If you have good working relationships and trust with your clients and suppliers, you can have honest discussions around how you can work together and support each other through tougher economic times. At the end of the day, it’s about human engagement, and an understanding that we’re all in this together.
Balancing so many different businesses and opportunities takes great partners
I run Saray with my husband, and WomEng with Hema Vallabh, a volunteer who joined SAWomEng a few years ago. We soon discovered how well we worked together, and partnered to co-found WomEng and WomHub. I’ve learnt that great partnerships work if you prop each other up.
We support and rely on each other. We’ve also reached the point where we are interchangeable. Either one of us can arrive at a client meeting. We’re in sync, we’ve outlined our goals and values so clearly that they’re second nature, and we trust each other. We never disagree.
We know what’s more important to each of us, and we defer situations and decisions to each other based on that. It’s a practical and pragmatic approach that has allowed us to make WomEng so successful while also focusing on other businesses and roles.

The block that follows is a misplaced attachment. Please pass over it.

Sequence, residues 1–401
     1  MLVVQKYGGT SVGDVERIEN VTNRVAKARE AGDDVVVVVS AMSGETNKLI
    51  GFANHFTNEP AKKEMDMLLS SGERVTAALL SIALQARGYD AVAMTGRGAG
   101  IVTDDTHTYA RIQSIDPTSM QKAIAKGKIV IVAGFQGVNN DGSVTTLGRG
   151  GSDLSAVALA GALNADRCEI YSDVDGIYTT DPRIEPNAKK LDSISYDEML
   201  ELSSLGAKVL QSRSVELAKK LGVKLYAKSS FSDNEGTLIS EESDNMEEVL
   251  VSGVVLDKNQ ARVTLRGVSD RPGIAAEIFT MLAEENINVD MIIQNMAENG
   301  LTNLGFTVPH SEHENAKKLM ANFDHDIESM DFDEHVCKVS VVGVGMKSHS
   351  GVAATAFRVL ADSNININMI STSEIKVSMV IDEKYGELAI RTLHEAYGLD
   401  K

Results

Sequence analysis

To manage my time, I colour code my diary
It sounds simple, but giving each company, my home, family time and forums their own colour means that at a glance I know who needs me when. This streamlining means I can give concentrated and focused time to each task, which allows me to get a lot more done each week. I spread myself out, so when I’m at Saray, or working on WomEng, or performing a board duty for Pegasys, I need to be completely present.
Build a team you can trust and delegate to. A sign of a good leader is that things get done when you aren’t there. We have an amazing team at WomEng. You need to have this. You can’t be everything in an organisation, especially as you grow and scale.
Passion drives success. If you love what you do, you’ll find a way to make it work — even if you have some failures along the way.